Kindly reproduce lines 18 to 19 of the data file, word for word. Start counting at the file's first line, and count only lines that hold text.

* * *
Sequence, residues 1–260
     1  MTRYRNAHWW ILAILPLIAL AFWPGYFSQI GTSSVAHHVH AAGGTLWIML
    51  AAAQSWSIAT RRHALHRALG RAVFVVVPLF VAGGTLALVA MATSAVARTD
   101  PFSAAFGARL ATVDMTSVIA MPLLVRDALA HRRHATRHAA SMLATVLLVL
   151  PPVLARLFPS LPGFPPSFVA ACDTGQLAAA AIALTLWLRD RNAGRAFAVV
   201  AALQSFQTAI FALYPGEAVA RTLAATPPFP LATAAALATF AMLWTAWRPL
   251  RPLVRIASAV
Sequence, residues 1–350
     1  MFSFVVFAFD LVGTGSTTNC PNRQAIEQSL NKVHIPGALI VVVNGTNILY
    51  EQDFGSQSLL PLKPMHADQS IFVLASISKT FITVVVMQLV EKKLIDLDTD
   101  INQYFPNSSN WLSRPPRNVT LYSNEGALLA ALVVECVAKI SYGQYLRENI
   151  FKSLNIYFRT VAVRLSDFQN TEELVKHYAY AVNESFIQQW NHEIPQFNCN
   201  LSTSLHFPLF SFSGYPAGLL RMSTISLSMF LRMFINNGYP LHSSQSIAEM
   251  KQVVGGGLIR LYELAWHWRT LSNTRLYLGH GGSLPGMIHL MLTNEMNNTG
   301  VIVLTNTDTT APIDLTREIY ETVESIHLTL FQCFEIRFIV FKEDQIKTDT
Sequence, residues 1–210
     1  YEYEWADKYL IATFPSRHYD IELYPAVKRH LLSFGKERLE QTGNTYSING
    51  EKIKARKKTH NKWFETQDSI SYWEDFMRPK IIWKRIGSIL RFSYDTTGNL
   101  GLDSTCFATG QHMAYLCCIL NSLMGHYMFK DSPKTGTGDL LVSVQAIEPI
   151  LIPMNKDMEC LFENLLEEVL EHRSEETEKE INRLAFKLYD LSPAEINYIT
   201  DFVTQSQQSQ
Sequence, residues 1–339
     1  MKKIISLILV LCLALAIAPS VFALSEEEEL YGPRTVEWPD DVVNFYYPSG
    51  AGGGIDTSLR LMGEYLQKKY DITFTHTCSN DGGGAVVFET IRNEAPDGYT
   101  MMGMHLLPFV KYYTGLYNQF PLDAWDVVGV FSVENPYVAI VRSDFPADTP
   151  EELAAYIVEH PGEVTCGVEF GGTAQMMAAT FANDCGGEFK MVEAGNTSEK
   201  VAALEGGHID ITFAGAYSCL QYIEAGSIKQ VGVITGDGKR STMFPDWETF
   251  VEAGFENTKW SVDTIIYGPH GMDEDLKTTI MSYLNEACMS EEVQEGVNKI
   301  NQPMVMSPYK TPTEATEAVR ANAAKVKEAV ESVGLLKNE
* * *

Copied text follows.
    51  EKIKARKKTH NKWFETQDSI SYWEDFMRPK IIWKRIGSIL RFSYDTTGNL
   101  GLDSTCFATG QHMAYLCCIL NSLMGHYMFK DSPKTGTGDL LVSVQAIEPI